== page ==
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On World Mental Health Day, doctors remind Baltimore that mental illness is just like any other illness

On World Mental Health Day, doctors remind Baltimore that mental illness is just like any other illness

Johns Hopkins offers easily accessible mental health help

Oct. 10 is World Mental Health Day, and Bernadette Cullen, M.D., M.B.B.Ch., director of the Johns Hopkins Community Psychiatry Program, wants to remind the community that mental illness is an illness just like any other.

“You would get treatment for any other illness, like diabetes, so why not mental health?” says Cullen. “We shouldn’t think of it differently than any other medical illness.”

According to Mental Health America’s 2019 “The State of Mental Health in America” report, more than 44 million American adults (18.07% of the population) have a mental health condition. One in six U.S. children age 2 to 8 (17.4%) have a diagnosed mental, behavioral or developmental disorder, according to the Centers for Disease Control and Prevention.

For people struggling to manage stress, or whose family or friends have expressed concern, Cullen suggests a visit to the Johns Hopkins general outpatient clinic in Meyer 144. People can self-refer by calling Patient Access Services. A screening appointment will be scheduled, and the patient will see both a psychiatrist and a therapist.

Cullen praises the process because patients can be “screened on the day they’re there, and they get to see a psychiatrist for a complete evaluation within the next two weeks. We triage who needs the appointment soonest.”

For children, psychiatry and behavioral sciences instructor Hal Kronsberg, M.D., recommends the expanded School-Based Mental Health Program.

“It’s about the easiest mental health program to access that I can imagine,” Kronsberg says.

Run by Johns Hopkins Bayview Medical Center, the program is available at 30 Southeast Baltimore City public schools. Therapists work closely with school and city staff to provide individual, family and group counseling, as well as crisis intervention for children and families. The team can make referrals for testing and further treatment.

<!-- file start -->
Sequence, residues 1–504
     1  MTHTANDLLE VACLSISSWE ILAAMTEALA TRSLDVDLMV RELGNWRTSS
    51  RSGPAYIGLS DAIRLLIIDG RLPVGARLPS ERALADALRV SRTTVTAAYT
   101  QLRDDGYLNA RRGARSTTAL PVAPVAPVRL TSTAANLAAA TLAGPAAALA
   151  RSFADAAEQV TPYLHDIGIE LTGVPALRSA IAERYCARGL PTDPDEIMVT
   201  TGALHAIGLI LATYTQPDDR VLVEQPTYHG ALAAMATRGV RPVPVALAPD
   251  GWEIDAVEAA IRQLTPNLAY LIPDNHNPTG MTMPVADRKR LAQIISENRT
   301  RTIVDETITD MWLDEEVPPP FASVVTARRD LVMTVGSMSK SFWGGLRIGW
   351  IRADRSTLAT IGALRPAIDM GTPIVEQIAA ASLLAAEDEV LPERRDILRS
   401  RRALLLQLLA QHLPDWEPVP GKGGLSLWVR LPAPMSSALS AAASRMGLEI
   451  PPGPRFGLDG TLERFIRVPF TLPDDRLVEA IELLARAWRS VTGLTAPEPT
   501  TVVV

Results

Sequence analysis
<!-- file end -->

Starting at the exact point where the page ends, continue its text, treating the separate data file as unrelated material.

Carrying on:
Kronsberg says children can reach out for help themselves, or their parents or teachers can refer them. Children must be covered by Maryland Medicaid.

“We see hundreds of kids,” Kronsberg says. “With how difficult it is for kids to get to appointments, this is great because it allows us to meet them where they are. They don’t have to worry about missing school or getting transportation.”

“We want them to know they’re not alone and there is help,” Cullen says.

For screening appointments at the outpatient clinic, call 410-955-5000 or 855-695-4872 (outside Maryland).

For more information about the expanded School-Based Mental Health Program, call program manager Annastasia Kezar at 410-550-1035 or ask your school administrators if there is a therapist working in your child’s school.

Need immediate assistance? Call the Baltimore Crisis Response hotline at 410-433-5175. It is available 24 hours per day, seven days per week.

 

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